What is Lectio Divina?

What is Lectio Divina?

Lectio Divina

Christianity is a religion of the heart. However, all too often we make it about the head, which tends to emphasize doctrine and specific beliefs. When Christianity gets “too heady” we miss the experience of the Living Christ dwelling within us. 

Regardless whether one interprets this passage as heart or belly, it clearly points to a place other than one’s head. If you are familiar with the Enneagram you know that the belly or gut is our instinctual center, which is responsible for our visceral experience of being alive.

Jesus teaches: “Out of the believer’s heart [belly] shall flow rivers of living waters.” Now he said this about the Spirit which believers in Him were to receive. (John 7:38).

Lectio divina, a Latin phrase that means divine reading, is an ancient Christian practice that leads us further into those living waters that Jesus teaches about. It invites us to journey deeper into the heart of God. Lectio divina, as meditative practice, helps subdue the busyness of our thoughts so that we can access the fountain of living water within us, the home of the Spirit. 

There are four movements in lectio divina: reading, meditation, prayer, and contemplation.

  1. Reading: The first step is to select a few verses of scripture and read them aloud. Read them slowly while paying attention to your physical experience of the passage. Take a moment of silence and read the passage again. After some silence read it a third time. The goal here is to settle into how the passage is affecting you.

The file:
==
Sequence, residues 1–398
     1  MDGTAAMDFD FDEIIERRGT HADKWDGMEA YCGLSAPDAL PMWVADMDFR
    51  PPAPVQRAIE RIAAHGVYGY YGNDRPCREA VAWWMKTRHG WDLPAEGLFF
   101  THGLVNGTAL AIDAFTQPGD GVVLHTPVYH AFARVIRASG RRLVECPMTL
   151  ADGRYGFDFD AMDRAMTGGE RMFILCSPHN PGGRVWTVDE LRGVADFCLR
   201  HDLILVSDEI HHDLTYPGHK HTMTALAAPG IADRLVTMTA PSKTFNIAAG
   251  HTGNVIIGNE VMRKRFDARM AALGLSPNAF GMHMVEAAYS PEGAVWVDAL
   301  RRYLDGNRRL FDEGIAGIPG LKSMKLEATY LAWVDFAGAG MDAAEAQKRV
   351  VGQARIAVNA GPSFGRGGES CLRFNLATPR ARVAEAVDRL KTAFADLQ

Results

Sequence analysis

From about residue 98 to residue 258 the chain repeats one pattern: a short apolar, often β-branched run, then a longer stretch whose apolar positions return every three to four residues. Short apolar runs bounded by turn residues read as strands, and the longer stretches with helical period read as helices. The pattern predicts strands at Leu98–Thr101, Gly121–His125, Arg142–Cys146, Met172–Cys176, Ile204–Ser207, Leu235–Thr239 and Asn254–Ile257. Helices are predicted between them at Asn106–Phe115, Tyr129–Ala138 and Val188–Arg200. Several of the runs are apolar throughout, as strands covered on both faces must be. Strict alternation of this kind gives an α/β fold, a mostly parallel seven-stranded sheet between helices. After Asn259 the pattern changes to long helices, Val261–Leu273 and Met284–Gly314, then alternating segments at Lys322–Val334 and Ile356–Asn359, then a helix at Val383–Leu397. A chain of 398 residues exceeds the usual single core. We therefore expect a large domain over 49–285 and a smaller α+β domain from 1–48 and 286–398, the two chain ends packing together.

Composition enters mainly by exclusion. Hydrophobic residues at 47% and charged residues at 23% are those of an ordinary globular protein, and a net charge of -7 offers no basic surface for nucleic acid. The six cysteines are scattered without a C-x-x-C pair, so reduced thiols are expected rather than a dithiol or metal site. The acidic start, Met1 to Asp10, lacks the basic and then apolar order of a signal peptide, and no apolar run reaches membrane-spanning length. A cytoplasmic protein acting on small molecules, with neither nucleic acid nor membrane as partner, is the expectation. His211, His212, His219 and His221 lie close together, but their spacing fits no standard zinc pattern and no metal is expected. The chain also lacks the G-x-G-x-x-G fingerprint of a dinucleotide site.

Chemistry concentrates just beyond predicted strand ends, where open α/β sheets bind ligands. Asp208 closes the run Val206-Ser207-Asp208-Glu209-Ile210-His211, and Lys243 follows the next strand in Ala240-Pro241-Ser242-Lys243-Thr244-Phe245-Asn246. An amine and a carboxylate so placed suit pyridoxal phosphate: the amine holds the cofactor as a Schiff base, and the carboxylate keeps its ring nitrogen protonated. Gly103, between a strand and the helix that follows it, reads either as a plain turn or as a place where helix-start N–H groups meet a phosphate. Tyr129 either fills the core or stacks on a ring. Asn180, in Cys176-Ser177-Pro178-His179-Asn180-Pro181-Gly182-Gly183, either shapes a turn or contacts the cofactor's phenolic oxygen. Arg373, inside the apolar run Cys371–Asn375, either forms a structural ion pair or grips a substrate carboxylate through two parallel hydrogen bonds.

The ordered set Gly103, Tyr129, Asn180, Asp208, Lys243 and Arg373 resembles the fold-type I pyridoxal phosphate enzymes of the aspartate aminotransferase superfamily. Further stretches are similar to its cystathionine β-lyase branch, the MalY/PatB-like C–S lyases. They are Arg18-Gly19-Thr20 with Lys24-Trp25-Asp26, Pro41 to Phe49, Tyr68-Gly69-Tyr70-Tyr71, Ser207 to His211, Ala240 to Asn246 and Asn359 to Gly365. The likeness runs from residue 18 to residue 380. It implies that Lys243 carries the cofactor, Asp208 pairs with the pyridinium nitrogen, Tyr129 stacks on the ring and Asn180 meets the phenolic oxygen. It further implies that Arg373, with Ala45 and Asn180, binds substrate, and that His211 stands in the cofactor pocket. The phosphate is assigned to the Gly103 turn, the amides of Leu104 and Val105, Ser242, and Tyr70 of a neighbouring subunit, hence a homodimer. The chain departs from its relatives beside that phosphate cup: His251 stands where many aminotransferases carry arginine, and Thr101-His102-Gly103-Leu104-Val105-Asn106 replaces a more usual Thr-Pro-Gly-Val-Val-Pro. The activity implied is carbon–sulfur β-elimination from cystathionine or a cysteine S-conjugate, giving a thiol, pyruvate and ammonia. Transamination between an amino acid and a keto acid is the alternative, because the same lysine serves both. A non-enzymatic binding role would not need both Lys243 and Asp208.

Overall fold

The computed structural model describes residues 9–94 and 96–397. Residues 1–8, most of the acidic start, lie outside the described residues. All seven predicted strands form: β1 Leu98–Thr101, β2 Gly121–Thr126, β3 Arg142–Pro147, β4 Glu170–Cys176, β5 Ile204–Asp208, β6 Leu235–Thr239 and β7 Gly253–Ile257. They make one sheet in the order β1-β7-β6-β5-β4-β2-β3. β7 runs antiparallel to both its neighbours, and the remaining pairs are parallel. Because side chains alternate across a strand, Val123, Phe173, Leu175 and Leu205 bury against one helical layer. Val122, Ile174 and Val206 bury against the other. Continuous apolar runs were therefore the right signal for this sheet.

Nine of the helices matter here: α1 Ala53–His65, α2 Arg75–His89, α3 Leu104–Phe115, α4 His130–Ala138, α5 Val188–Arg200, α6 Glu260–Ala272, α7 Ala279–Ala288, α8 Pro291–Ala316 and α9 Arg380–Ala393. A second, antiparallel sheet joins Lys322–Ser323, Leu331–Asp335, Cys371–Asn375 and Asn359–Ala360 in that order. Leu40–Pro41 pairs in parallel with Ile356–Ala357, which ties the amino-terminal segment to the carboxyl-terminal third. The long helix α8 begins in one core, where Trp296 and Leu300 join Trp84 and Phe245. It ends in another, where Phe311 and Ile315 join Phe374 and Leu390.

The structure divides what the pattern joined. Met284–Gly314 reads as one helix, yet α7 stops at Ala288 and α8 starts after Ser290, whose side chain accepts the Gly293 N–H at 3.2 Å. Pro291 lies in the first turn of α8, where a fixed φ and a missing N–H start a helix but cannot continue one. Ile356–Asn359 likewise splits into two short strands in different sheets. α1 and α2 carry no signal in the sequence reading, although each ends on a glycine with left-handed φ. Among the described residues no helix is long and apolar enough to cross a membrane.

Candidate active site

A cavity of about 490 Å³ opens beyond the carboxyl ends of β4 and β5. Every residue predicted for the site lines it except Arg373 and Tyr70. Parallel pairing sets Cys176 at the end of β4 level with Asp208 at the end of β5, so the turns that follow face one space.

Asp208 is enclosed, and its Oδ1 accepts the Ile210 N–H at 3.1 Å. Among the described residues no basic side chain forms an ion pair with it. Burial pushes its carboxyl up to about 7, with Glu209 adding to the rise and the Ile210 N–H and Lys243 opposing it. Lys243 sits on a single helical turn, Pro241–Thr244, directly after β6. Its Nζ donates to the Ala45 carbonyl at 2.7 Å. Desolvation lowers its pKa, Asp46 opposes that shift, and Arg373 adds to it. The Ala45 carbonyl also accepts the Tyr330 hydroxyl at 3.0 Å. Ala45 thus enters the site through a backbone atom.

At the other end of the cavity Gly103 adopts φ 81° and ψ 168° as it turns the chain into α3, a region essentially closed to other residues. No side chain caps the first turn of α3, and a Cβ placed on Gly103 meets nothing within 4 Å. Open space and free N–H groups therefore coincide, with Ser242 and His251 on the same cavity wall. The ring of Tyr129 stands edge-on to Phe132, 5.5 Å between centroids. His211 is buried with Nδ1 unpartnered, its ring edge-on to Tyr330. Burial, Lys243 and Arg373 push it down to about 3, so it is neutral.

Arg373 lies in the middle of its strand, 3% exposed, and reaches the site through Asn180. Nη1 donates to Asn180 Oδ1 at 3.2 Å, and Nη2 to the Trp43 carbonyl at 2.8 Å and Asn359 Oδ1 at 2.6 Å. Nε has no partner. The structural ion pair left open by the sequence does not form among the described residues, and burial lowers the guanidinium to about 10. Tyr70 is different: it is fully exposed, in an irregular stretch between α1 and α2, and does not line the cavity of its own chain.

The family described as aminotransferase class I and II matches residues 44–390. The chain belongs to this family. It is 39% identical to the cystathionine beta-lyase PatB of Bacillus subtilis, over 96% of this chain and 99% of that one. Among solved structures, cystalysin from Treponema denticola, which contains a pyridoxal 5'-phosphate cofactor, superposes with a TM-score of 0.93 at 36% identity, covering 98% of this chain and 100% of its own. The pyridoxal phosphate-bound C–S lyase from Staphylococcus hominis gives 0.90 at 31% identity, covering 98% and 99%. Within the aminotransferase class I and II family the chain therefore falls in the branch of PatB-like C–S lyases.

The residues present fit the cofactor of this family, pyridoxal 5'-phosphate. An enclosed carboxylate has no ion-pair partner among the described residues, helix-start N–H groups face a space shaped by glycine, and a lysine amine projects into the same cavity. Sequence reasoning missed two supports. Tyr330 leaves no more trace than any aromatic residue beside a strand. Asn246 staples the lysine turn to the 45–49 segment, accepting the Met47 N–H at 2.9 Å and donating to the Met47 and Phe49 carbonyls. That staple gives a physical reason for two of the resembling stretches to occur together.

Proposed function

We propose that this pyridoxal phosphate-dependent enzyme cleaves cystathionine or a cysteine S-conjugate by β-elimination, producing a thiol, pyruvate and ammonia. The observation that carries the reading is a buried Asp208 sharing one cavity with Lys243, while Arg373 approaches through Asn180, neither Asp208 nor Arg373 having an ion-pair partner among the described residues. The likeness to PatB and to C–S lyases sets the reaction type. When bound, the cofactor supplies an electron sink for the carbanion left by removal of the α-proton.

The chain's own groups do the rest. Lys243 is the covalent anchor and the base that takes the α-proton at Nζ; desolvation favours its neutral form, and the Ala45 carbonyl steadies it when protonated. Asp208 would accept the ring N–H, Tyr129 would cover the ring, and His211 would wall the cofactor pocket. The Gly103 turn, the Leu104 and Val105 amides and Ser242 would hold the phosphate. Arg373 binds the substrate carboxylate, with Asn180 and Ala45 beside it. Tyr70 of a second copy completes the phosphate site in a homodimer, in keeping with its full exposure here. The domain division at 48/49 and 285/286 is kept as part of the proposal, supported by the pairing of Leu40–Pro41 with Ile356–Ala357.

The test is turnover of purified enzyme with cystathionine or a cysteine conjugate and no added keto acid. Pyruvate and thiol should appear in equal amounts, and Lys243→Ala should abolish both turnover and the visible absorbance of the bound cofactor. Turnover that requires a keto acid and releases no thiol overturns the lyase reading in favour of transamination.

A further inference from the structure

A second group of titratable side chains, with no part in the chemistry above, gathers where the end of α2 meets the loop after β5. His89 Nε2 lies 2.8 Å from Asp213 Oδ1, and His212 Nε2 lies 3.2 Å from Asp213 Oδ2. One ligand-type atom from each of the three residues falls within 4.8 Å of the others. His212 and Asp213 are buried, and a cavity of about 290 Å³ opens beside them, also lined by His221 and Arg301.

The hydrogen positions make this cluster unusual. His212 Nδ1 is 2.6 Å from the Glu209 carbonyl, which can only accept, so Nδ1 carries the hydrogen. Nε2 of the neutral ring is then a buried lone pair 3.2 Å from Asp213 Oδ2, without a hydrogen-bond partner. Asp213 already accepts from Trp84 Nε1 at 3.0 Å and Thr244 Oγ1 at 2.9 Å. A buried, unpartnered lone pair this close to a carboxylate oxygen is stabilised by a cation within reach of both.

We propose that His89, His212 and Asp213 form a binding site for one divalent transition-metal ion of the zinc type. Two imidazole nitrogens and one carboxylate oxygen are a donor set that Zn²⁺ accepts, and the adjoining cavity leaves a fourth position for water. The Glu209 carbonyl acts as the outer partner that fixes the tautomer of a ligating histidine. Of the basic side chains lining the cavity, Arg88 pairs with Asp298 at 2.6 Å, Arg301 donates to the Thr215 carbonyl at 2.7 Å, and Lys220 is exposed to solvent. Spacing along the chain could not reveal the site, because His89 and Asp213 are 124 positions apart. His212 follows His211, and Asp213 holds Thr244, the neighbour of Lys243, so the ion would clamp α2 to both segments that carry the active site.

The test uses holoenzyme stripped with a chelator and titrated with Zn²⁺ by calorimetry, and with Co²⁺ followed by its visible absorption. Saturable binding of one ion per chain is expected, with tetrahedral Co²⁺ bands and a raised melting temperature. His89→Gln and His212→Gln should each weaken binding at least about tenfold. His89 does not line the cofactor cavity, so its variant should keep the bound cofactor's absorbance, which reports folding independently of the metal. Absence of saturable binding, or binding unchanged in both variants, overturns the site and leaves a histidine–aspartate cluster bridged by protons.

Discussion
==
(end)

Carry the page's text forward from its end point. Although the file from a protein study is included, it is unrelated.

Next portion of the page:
2. Meditation: As you paid attention to your physical experience of the reading, you may notice a subtle sensation that coincided with a word or phrase; that’s the Holy Spirit stirring in you as a result of hearing that holy word or phrase. Enter a period of meditation by allowing that word or phrase to soak into you. You may ask yourself what it might be saying about your life or current situation. You may reflect upon the meaning of the word and what God is trying to tell you about you. Just sit with the word.
  3. Prayer: After the word or phrase has settled into your being, enter a time of prayer. Be in dialogue with God about the word or phrase. Ask God for insight as to how the word applies to you in this moment, then simple listen for the “still small voice” of God. 
  4. Contemplation: Let your dialogue with God turn to quiet stillness. Simply be present in the moment and give yourself over to God.